Red Hen Press will host the next Annenberg Community Beach House reading on October 14th at 6:30 PM, featuring Leia Penina Wilson, Genevieve Kaplan, Jessica Piazza, and Mary Johnson. The readings are free. More information can be found here

Major support for Readings & Workshops in California is provided by the James Irvine Foundation. Additional support comes from the Friends of Poets & Writers.

This week, in the spirit of celebrating the freedom to read, think about a book you’ve read that’s been banned. (For a list of banned and challenged classics, visit the American Library Association's website.) How would your life be different if you never had the opportunity to read this book? Or if nobody could? Write a short personal essay exploring how you feel about Banned Books Week and why this particular book is so meaningful to you.

Submissions are currently open for the inaugural Payton James Freeman Essay Prize, cosponsored by the Freeman family and Drake University’s English department. The prize will be given for an essay on a theme. The winner will receive $500 and publication in the Rumpus, and will be invited to read at Drake University in Des Moines in February 2015.

Using the online submission system, submit an essay of up to 3,500 words on the subject “After the Unhappy Ending” by September 30. There is no entry fee. The students and faculty of Drake University will select the finalists; Cheryl Strayed will choose the winner. The winner and finalists will be announced in December 2014.

The Freeman family established the award to honor their son Payton James Freeman—who died at the age of five from the genetic disease Spinal Muscular Atrophy—and to raise awareness about the disease.

Judge Cheryl Strayed is the author of the popular memoir Wild (Knopf, 2012), the novel Torch (Houghton Mifflin Harcourt, 2006), and Tiny Beautiful Things (Knopf, 2012), a collection of pieces from Strayed’s advice column for the Rumpus, Dear Sugar.

Photo: Cheryl Strayed (Joni Kabana)

Ideally, people become accustomed to fire drills so that when there is a real fire, they will calmly gather their things and exit the building as practiced. After all, this is the point of such drills. But what if one person in the group consistently reacted in the opposite fashion? Write a situation in which a routine fire drill decends into chaos because one person insists, against all information provided by those in positions of authority, that everyone is in grave danger.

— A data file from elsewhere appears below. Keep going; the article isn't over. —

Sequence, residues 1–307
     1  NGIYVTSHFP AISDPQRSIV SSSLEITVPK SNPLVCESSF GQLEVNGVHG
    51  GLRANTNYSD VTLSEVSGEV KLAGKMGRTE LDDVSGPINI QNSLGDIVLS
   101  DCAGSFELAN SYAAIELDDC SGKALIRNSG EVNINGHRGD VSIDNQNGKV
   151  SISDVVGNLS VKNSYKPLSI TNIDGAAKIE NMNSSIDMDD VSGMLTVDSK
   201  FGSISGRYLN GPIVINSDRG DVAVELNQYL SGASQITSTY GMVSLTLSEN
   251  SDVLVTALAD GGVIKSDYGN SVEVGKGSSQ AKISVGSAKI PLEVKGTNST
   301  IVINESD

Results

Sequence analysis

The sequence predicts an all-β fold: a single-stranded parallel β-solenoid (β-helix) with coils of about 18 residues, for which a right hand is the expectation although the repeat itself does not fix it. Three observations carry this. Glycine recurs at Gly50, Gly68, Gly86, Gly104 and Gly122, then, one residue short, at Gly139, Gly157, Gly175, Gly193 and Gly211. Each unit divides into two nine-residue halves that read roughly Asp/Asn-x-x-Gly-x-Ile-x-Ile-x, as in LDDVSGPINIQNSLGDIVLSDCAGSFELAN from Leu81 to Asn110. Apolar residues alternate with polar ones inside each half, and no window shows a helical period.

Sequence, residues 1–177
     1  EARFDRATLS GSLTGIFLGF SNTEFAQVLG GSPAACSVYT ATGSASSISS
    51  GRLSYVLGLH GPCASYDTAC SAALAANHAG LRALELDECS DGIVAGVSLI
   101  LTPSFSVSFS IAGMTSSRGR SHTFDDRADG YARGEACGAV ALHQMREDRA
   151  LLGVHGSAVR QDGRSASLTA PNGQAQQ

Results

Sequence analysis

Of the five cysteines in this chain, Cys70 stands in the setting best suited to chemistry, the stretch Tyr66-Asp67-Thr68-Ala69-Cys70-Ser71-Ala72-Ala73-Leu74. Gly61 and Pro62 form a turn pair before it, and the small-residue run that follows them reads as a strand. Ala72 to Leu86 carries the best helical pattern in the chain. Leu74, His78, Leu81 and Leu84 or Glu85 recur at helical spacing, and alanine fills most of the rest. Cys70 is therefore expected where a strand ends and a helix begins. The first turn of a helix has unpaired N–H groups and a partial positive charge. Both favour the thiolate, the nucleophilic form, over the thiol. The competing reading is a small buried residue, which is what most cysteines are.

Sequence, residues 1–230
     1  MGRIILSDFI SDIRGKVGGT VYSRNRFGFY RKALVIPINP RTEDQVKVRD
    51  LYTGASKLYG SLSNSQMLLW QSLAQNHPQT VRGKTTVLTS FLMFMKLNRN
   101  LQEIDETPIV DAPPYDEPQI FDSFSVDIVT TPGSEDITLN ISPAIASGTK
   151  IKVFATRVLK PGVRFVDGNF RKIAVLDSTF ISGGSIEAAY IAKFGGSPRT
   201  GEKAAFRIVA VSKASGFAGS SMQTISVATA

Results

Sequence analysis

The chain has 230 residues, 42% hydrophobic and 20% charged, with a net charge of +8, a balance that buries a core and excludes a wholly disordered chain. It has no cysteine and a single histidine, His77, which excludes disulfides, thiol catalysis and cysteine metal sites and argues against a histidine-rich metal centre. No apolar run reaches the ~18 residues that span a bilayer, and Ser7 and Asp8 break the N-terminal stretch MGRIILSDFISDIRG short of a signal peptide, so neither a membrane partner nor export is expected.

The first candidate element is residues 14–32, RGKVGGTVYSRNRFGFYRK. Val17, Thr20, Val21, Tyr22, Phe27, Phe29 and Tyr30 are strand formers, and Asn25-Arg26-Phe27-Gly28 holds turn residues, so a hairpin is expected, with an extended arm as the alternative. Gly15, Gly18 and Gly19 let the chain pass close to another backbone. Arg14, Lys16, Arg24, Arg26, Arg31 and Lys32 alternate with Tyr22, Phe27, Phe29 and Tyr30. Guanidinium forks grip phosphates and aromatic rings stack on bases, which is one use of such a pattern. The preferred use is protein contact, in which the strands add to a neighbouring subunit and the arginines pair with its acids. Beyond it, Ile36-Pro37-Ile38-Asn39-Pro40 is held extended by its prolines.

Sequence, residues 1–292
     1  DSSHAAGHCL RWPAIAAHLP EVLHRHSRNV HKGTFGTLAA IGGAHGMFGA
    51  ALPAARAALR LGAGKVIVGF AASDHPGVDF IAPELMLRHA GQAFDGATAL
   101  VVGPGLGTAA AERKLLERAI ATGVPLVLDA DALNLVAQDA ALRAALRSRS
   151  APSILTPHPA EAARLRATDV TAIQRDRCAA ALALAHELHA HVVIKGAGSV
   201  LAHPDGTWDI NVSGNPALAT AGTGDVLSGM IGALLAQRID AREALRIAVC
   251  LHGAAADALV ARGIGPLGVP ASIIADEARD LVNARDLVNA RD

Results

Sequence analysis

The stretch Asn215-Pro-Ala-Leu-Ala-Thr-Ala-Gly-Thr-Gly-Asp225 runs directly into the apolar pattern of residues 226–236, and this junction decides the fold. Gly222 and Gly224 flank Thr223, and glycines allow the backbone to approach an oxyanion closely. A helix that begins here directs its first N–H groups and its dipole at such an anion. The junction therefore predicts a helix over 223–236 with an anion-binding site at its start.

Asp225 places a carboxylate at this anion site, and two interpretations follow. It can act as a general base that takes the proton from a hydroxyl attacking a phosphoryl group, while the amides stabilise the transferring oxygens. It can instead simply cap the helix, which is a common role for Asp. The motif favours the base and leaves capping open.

This week, write an ode to something you’ve never had. It could be an emotion, a relationship, or a possession. Approach it as a loss rather than an absence—use your imagination to try to know what you’ve never known. For example, if you’ve never had a pet dog, write about your ideal pet dog and what it’s like not to have her in your life.

Harnessing the healing power of words through writing helped Deborah Mayaan recover from serious illness. Her essays and poems have appeared in a wide range of publications including Woman of Power, Sin Fronteras, Maize, Unstrung, and Rattlesnake Review, and anthologies including Sister/Stranger and She Who Was Lost Is Remembered. Her journalism articles on health and spirituality topics have appeared in Spirituality & Health Magazine, the Arizona Daily Star, Tucson Lifestyle, the Tucson Weekly, and the Arizona Jewish Post. She loves teaching writing workshops and earned an MA in educational psychology. She also brings writing opportunities to people through art installations in public spaces. The Tucson Pima Arts Council awarded a grant for her installation “Fountain of Peace” in which participants write about what they need to release or strengthen to be at peace. Mayaan has led P&W-sponsored workshops with the Tucson Medical Center, University of Arizona Cancer Center, and Congregation Chaverim.

Deborah MayaanWhat techniques do you employ to help shy writers open up?
I put a strong emphasis on creating a group that serves as an emotionally safe container. Each time we meet, I reiterate the importance of confidentiality and also attend to physical needs. I not only remind people of the location of drinking water and the bathroom, but also check in about their comfort with the temperature, lighting, and room configuration (with, of course, a great deal of variability depending on how much we can change in different spaces). I also remind people that sharing writing is optional. If people do choose to share, they also choose if they’d like to receive feedback, and what kind. I often use a meditation bell timer to set time boundaries on shares so that there is an opportunity for everyone to share at least once in a smaller group, or to give more people an opportunity in a larger group.

What has been your most rewarding experience as a workshop leader?
It’s been very rewarding to witness real shifts in people’s lives. In a recent workshop at the University of Arizona Cancer Center on the topic of “What am I living for?” I appreciated seeing how energized people were by developing visions and goals for challenging phases of life. I liked hearing about how it helped them focus and take action. In a recent workshop at Tucson Medical Center Senior Services, the focus was on writing a will of ethics and values as a way to pass on a spiritual legacy. A woman said that it helped her open up her heart. Several people commented on how the plan for sharing the ethical will with their families, and updating it regularly, had great potential for changing the family dynamic in order to express feelings and to share personal growth.

What effect has this work had on your life and/or your art?